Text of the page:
We see crisis as solid roots to success

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Mr Ghassan Yared - CEO of Forewin Group

In this interview with The Worldfolio, Ghassan Yared, CEO of Forewin Group, discusses the role of the private sector in Ghana’s economic growth, how Forewin Group has managed to diversify into one of Ghana’s biggest conglomerates and their new venture with Actis, “The Exchange” project. 

Like the rest of the world, Africa remains uncertain about what is to come after global geopolitical shifts like Trump’s election in the US or Brexit in the UK. How can Africa take advantage of this new global landscape and gain investor confidence?

Let me go back more than 10 years when we started talking about emerging markets. Before the world economic crisis, everybody was putting attention on Africa and saying: ‘the future is Africa; the population of Africa; it’s going to happen in Africa.’ And people started preparing business plans, visiting aggressively, but in the back of their mind, in my opinion, the reason why they did not succeed since then is that all the international and multinational companies were coming with their ideas which they wanted to execute as learned in Europe and in the US and implement it in a market in the African continent – not understanding that this is a different environment. There is a different way to do and conduct business. And many of them turned back and went back home. When the crisis started, everybody lost interest because they had their own concerns and own worries to take care of. People kind of forgot about Africa.

Now things are changing again. Economies are getting better, multinationals want to go more multinational, there are mergers and acquisitions, and everybody wants to be part of the big cake; and the big cake is now Africa.

I think that Africa is a good option for the US to replace China in the short, medium, and long-term. Don't forget that China’s economy is booming but most of their raw material is coming from Africa. So, If Trump’s relationship today with China and the Far East is not as it should be, in my opinion, African leaders should take advantage of this to get together and make their environment attractive enough to countries like the US.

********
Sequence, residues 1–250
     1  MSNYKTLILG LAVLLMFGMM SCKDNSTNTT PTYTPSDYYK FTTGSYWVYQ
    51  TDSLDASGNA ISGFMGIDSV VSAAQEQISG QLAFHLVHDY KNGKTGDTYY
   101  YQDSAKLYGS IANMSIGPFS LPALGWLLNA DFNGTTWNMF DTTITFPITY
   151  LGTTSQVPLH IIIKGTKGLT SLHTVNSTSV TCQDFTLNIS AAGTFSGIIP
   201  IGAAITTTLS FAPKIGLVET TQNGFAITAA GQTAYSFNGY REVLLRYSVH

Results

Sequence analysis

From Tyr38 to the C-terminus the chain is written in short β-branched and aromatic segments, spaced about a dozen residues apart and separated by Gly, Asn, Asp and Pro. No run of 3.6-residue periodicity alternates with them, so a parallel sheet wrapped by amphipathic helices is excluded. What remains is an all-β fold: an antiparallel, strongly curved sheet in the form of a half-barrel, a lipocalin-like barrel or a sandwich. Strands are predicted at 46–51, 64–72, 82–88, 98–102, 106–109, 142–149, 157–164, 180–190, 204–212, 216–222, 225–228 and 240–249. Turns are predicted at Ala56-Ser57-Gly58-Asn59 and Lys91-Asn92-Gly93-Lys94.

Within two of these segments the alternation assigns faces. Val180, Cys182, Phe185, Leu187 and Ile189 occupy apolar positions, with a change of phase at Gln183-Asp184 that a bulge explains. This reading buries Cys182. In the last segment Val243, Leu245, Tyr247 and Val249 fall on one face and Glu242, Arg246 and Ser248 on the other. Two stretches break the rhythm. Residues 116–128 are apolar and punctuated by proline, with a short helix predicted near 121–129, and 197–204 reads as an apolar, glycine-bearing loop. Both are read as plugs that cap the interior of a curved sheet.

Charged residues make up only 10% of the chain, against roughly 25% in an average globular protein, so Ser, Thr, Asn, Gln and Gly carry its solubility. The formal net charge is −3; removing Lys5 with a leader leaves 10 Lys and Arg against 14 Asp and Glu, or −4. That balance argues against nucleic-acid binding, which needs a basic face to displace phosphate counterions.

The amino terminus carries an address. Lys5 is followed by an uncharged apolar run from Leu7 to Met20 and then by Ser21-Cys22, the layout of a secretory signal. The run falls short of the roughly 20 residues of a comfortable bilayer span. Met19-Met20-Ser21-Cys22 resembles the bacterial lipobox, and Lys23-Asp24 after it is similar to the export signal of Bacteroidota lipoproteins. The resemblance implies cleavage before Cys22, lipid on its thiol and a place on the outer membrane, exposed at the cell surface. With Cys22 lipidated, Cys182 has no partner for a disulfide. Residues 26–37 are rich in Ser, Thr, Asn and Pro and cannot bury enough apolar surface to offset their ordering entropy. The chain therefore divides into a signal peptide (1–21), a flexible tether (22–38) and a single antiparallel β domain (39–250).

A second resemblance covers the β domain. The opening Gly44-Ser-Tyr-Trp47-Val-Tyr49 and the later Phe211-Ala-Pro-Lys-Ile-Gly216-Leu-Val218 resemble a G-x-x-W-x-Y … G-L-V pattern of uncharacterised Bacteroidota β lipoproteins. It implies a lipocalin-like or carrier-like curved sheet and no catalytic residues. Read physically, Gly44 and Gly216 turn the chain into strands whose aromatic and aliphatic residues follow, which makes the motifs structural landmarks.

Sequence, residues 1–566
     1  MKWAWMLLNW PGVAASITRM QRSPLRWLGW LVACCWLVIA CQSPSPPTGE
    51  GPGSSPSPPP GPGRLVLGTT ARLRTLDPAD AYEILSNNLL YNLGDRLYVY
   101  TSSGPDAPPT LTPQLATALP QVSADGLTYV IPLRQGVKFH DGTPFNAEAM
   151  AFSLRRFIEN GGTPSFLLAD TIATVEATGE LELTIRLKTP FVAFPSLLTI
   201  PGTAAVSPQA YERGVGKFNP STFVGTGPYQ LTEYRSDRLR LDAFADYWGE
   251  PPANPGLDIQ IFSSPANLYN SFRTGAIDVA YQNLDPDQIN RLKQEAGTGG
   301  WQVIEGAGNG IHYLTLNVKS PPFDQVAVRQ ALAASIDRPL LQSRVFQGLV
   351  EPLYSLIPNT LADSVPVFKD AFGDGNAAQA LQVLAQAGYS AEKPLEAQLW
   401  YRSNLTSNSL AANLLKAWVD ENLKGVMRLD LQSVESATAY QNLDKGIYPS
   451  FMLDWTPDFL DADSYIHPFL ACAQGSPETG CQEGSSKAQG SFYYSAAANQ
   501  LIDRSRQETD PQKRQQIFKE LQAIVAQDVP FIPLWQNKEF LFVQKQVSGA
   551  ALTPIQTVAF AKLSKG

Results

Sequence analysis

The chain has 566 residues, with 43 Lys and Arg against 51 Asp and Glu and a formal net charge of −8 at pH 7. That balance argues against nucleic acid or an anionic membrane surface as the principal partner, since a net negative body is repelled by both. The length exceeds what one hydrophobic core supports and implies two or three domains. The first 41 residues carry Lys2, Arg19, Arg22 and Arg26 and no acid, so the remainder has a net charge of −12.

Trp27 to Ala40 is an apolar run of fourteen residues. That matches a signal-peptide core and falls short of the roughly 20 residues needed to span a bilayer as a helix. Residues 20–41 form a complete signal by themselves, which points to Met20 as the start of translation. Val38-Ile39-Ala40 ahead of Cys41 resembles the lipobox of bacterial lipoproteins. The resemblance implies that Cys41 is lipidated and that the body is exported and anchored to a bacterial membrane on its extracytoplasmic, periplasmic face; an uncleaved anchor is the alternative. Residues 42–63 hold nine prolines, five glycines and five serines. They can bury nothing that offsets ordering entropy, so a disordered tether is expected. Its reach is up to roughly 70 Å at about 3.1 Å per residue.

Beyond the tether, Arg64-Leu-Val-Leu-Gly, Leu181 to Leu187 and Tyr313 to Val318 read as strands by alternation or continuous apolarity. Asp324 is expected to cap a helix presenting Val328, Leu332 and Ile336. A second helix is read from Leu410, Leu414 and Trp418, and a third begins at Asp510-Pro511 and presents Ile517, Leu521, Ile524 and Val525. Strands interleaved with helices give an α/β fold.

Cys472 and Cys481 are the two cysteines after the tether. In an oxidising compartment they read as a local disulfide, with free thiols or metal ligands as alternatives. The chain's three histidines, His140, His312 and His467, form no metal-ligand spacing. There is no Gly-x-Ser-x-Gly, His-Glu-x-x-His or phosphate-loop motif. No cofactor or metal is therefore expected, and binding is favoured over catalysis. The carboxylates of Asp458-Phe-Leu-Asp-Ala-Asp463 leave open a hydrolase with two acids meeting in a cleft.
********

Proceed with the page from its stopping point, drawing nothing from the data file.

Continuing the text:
With Brexit, the UK wants to improve their bilateral relations and trade relations with Africa because they need something to replace Europe and tomorrow maybe another country will emerge; and South Africa will want to expand; and North America will want to expand. So where do they expand? They look for a similar environment; similar weather and then they can find it here. For example, I know Peru and Ghana have a lot of similarities: similar environment, weather, and opportunities of growth in agriculture, mining and energy.

So, having said that, if you put everything together, there is a great opportunity for Africa as a continent. Now, do our leaders see this as an opportunity? And what are they doing to capture this opportunity or to create an environment to bring those investors and make them feel comfortable in the medium and long-term?

Let’s agree. Africa is the place. Africa is an alternative. If I was a world leader, Africa would be my best option to move into a different innovative direction.

What I can say is that our new president has started to create a clear vision. He is putting some guiding principles for his ministries, playing by the rules, creating trust among organizations of the ministries where there are no more overlapping responsibilities that are creating delays to doing business; and no hiccups and uncertainties for investors.

I think he knows exactly what this country needs. He is building trust among people, organizations and ministries, to give a good image and to attract those investors to come and say: ‘now, this is a sound environment. We are here. We can invest. And it’s for the medium and long-term.’

Ghana had been one of the fastest growing economies in Africa. Despite the fact that growth has slowed sizably over the last few years, Ghana today, with a growing middle class, energetic start-up scene and new pro-business government, looks to become Africa’s fastest growing economy once more. How can Ghana recover its leading position?

Educate people first. Make the people respect the rules. Make people understand that they need to bring trust. They need to bring a trust-powered system for investors to come. Ghanaians, in general, they have a good attitude. It’s a positive attitude. They are friendly.